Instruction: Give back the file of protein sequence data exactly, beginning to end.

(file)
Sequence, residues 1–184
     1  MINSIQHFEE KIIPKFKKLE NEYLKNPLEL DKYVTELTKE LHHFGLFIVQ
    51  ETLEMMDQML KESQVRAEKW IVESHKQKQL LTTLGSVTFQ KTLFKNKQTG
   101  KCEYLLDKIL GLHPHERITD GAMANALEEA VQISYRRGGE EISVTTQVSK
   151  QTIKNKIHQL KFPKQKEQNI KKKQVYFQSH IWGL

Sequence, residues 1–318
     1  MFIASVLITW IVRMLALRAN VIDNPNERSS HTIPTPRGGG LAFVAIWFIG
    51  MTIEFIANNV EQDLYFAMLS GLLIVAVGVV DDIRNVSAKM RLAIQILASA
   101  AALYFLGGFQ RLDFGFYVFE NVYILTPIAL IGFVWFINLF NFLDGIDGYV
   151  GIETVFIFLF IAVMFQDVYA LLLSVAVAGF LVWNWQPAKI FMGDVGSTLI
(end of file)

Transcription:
Sequence, residues 1–184
     1  MINSIQHFEE KIIPKFKKLE NEYLKNPLEL DKYVTELTKE LHHFGLFIVQ
    51  ETLEMMDQML KESQVRAEKW IVESHKQKQL LTTLGSVTFQ KTLFKNKQTG
   101  KCEYLLDKIL GLHPHERITD GAMANALEEA VQISYRRGGE EISVTTQVSK
   151  QTIKNKIHQL KFPKQKEQNI KKKQVYFQSH IWGL

Sequence, residues 1–318
     1  MFIASVLITW IVRMLALRAN VIDNPNERSS HTIPTPRGGG LAFVAIWFIG
    51  MTIEFIANNV EQDLYFAMLS GLLIVAVGVV DDIRNVSAKM RLAIQILASA
   101  AALYFLGGFQ RLDFGFYVFE NVYILTPIAL IGFVWFINLF NFLDGIDGYV
   151  GIETVFIFLF IAVMFQDVYA LLLSVAVAGF LVWNWQPAKI FMGDVGSTLI